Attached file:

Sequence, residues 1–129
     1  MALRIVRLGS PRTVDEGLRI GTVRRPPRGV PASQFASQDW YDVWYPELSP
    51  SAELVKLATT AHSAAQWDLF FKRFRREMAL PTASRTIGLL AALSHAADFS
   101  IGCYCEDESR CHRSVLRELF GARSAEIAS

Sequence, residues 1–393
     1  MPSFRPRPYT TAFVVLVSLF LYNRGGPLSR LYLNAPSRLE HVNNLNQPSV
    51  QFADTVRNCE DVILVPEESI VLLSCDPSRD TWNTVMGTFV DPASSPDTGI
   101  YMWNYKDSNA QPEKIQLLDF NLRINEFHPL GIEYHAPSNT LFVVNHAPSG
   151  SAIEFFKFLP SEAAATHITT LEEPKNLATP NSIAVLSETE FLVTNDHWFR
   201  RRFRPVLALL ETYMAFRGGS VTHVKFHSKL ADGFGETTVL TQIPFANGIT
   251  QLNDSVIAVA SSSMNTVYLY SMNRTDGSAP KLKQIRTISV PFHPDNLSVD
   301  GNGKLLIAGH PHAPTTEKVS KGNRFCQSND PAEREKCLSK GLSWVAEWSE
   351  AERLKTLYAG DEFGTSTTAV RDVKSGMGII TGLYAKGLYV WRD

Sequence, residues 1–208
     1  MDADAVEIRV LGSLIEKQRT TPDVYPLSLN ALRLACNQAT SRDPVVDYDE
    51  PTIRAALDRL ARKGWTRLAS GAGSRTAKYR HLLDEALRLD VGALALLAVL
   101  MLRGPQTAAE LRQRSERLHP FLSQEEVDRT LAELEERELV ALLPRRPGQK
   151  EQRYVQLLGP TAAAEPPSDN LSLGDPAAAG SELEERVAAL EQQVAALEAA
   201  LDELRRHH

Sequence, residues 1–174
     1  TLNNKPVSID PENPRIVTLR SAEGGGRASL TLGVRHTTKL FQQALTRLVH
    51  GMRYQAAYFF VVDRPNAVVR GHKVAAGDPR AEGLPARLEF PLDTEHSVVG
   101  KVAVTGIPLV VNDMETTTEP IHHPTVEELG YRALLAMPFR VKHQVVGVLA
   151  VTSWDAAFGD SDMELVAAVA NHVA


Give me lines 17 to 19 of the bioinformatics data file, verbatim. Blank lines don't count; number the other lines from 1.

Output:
   101  MLRGPQTAAE LRQRSERLHP FLSQEEVDRT LAELEERELV ALLPRRPGQK
   151  EQRYVQLLGP TAAAEPPSDN LSLGDPAAAG SELEERVAAL EQQVAALEAA
   201  LDELRRHH